Will (in Latin) of John Hamerton, of Wiglesworth, 1513, made before going to war against Scotland.
Eldest son Stephen, wife Elizabeth
Richard Hamerton, knight, deceased (his grandfather, according to visitation)
Daughter Anne
Sons Richard, Lawrence and Thomas

The rest of these are in English.

https://archive.org/details/aselectionofwill06surtuoft/page/68/mode/2up
Henry Hamerton, of York, 1537

https://archive.org/details/aselectionofwill06surtuoft/page/72/mode/2up
Jane Hamerton, of Craven, widow of Henry, 1537

https://archive.org/details/aselectionofwill06surtuoft/page/78/mode/2up
Elizabeth Hamerton, widow of Stephen Hamerton, 1538

https://archive.org/details/aselectionofwill06surtuoft/page/86/mode/2up
Richard Hamerton, of Slaidburn, 1538

https://archive.org/details/aselectionofwill06surtuoft/page/254/mode/2up
Stephen Hamerton, of Wiglesworth, 1546
Penny Velander
2021-06-03 20:31:56 UTC
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Post by Vance Mead
These are some wills of Hamerton.
https://archive.org/details/selectionwillsyo05surtuoft/page/44/mode/2up
Will (in Latin) of John Hamerton, of Wiglesworth, 1513, made before going to war against Scotland.
Eldest son Stephen, wife Elizabeth
Richard Hamerton, knight, deceased (his grandfather, according to visitation)
Daughter Anne
Sons Richard, Lawrence and Thomas
The rest of these are in English.
https://archive.org/details/aselectionofwill06surtuoft/page/68/mode/2up
Henry Hamerton, of York, 1537
https://archive.org/details/aselectionofwill06surtuoft/page/72/mode/2up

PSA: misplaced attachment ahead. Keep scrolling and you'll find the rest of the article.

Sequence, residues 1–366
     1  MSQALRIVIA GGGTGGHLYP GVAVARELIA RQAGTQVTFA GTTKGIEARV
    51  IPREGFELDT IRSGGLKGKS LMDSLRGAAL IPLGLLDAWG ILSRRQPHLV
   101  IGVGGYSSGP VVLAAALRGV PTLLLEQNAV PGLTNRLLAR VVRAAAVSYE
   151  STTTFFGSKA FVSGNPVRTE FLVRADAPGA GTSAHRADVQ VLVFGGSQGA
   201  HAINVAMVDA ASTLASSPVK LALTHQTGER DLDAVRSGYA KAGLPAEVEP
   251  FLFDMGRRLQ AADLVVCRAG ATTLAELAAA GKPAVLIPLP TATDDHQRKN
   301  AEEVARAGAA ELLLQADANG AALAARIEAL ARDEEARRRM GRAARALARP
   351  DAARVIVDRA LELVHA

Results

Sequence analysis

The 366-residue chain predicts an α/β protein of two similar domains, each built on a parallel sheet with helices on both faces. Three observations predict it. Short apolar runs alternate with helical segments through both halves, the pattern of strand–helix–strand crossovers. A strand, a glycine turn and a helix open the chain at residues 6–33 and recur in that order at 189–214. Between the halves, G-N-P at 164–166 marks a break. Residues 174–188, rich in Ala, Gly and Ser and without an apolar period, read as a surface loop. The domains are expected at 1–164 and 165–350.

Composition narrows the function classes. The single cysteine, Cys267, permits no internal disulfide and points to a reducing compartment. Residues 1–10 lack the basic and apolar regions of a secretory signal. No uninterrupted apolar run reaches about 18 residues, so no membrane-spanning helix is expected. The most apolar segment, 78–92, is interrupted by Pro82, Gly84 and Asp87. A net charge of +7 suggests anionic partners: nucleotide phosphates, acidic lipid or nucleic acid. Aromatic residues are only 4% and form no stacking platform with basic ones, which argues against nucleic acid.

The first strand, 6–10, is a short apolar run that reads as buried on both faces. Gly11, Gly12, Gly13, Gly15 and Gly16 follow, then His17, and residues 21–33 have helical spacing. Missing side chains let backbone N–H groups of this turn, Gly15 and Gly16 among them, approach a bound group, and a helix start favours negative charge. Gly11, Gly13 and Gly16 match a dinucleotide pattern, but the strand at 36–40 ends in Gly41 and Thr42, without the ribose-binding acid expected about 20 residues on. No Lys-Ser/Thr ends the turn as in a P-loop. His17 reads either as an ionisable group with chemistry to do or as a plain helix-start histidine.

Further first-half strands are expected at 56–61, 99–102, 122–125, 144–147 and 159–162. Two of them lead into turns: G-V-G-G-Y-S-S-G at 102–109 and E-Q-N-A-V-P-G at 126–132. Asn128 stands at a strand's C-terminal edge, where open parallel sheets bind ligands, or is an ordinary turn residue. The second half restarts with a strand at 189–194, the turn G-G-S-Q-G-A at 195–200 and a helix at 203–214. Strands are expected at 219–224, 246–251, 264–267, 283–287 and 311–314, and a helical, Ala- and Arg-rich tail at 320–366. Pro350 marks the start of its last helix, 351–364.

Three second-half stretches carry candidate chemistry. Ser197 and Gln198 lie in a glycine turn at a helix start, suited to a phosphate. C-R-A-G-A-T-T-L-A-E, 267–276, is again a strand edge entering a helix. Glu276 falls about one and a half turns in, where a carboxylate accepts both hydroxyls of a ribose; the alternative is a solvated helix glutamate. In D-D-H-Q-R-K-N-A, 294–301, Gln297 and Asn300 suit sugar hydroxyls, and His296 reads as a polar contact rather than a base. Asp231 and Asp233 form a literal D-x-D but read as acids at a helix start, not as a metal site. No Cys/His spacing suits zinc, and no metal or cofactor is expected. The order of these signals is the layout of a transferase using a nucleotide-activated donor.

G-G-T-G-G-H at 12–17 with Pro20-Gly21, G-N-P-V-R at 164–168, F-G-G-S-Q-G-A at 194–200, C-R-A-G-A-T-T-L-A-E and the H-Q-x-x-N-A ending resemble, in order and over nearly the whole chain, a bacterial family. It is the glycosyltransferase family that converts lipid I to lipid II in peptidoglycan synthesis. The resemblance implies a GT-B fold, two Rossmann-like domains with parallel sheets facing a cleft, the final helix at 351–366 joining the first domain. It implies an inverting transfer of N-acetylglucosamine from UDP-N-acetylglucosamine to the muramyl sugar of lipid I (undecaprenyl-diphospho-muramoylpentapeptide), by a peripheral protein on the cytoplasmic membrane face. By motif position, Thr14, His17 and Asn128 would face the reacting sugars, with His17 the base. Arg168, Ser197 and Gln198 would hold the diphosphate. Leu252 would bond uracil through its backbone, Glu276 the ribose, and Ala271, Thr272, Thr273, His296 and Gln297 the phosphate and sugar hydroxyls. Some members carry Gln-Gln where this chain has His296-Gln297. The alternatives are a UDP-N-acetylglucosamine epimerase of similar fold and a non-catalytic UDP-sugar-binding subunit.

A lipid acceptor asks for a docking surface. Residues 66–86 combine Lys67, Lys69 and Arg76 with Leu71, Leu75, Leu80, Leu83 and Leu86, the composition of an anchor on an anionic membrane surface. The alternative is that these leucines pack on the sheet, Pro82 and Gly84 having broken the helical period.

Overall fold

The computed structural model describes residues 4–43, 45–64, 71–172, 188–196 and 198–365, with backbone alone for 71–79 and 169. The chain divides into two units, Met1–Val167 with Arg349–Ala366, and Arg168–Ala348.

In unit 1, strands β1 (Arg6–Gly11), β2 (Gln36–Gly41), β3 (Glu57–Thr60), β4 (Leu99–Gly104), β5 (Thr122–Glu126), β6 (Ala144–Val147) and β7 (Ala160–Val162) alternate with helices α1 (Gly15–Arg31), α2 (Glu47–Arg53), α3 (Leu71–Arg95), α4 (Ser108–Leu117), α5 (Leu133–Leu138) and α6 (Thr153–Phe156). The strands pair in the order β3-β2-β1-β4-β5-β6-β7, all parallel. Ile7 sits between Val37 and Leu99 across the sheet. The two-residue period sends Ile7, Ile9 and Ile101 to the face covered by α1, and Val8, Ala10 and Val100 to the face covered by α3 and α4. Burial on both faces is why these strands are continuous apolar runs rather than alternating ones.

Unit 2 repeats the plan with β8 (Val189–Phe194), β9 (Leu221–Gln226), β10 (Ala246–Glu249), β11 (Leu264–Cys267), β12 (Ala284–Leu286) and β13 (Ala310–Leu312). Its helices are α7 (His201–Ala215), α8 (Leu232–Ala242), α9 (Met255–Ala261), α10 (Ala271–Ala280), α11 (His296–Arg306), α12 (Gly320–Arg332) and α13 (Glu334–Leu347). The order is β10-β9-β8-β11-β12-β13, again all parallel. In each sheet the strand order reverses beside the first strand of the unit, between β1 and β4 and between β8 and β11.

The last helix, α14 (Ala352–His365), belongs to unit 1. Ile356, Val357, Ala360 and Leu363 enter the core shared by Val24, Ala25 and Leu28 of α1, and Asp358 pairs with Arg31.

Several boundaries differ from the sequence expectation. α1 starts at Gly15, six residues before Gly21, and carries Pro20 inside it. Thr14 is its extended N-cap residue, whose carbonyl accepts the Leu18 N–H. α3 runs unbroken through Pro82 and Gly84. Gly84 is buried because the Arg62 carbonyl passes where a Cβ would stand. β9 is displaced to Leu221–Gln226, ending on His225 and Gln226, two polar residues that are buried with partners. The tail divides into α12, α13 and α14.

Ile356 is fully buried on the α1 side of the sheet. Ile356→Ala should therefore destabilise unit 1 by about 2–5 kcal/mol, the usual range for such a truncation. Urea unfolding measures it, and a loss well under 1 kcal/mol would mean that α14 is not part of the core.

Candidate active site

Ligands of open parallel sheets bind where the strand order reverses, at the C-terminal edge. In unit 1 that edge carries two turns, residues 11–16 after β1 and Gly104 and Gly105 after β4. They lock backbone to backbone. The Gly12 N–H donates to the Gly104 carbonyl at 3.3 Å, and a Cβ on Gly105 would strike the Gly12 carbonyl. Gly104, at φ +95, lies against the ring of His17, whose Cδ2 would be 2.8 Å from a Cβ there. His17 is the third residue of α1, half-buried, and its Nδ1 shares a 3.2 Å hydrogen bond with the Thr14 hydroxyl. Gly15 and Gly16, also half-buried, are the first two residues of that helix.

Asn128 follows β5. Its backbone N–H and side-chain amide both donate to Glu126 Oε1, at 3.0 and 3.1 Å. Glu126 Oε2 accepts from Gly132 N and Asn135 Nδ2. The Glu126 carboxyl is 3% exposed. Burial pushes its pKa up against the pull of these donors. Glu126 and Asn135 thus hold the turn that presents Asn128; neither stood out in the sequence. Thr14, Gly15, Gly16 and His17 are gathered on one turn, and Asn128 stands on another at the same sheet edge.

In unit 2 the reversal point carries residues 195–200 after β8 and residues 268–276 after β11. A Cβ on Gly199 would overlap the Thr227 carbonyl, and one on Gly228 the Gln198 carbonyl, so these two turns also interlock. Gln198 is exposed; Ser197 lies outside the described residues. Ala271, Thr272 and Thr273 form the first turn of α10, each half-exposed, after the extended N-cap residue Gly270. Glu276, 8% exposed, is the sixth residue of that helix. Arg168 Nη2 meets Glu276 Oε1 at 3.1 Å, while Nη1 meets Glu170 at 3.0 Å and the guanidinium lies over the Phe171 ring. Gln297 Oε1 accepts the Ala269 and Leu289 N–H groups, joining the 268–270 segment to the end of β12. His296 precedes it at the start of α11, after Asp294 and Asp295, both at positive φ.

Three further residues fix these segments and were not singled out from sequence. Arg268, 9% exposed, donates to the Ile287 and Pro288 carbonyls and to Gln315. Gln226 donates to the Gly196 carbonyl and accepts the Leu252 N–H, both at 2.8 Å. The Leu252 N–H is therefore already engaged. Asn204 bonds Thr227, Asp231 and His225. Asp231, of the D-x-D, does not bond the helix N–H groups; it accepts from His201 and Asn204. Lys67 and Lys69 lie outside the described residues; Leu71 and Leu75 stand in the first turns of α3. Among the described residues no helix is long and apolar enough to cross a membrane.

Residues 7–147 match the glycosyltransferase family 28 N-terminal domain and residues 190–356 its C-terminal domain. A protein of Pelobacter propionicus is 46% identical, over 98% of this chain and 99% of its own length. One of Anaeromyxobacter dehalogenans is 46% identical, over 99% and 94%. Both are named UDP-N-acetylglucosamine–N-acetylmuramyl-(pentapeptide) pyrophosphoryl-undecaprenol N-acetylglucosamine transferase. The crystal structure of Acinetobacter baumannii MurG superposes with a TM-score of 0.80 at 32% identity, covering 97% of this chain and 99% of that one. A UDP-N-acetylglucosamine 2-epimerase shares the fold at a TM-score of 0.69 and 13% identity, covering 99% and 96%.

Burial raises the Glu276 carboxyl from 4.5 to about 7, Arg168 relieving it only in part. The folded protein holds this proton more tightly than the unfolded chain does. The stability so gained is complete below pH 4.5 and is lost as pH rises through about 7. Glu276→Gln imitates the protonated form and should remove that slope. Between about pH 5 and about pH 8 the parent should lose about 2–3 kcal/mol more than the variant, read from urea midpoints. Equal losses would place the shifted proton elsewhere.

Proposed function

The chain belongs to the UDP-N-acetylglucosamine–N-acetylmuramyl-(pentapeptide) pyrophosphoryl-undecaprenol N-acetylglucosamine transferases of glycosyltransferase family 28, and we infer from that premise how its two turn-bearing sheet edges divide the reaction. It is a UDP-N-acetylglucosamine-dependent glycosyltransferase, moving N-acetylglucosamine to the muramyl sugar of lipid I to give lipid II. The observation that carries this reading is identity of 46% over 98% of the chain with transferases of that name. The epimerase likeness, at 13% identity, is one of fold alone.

Jane Hamerton, of Craven, widow of Henry, 1537
https://archive.org/details/aselectionofwill06surtuoft/page/78/mode/2up
Elizabeth Hamerton, widow of Stephen Hamerton, 1538
https://archive.org/details/aselectionofwill06surtuoft/page/86/mode/2up
Richard Hamerton, of Slaidburn, 1538
https://archive.org/details/aselectionofwill06surtuoft/page/254/mode/2up
Stephen Hamerton, of Wiglesworth, 1546
Thank you for your time and effort Vance, it would have taken me weeks to drill down to this sort of information.

I have huge learning curves going on - greatly appreciated
taf
2021-06-03 18:14:08 UTC
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Post by Vance Mead
Burke would probably have started with Visitations, supplemented by wills
and feudal records (Inquisitions Post Mortem and Feudal surveys).
Unfortunately, Burke also incorporated a lot of material that was not so well supported by primary documentation, such as the genealogies (of various qualities) conveyed to him by the families being covered. For material around the time of publication, Burke can be taken as a reasonably reliable source, but the farther back you get the worse it gets. Once you are a few centuries back, extreme care must be taken and nothing should be trusted without independent confirmation.

taf
Peter Stewart
2021-06-03 23:11:58 UTC
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Post by Vance Mead
Visitations were made by the Heralds to see who was entitled to a Coat of Arms. They could be accurate when it involved the memory of the people involved, but going back a few generations people's memory could be hazy or even fraudulent.
Burke would probably have started with Visitations, supplemented by wills and feudal records (Inquisitions Post Mortem and Feudal surveys).
In the case of Burke, "probably" is the most telling word. The fact that
we don't know his source/s for most of the information he states is a
problem even when that information may turn out to be correct.

There are in broad terms three ways that information is expressed in the
genealogical literature:

1. With precise and verifiable citation of specific source/s, or (as
frequently forced by publishers, but sometimes an exercise in
arse-covering) with imprecise citation of non-specific source/s that can
be verified only with unwarranted trouble on the reader's part

2. With less precise reference to earlier (primary or secondary)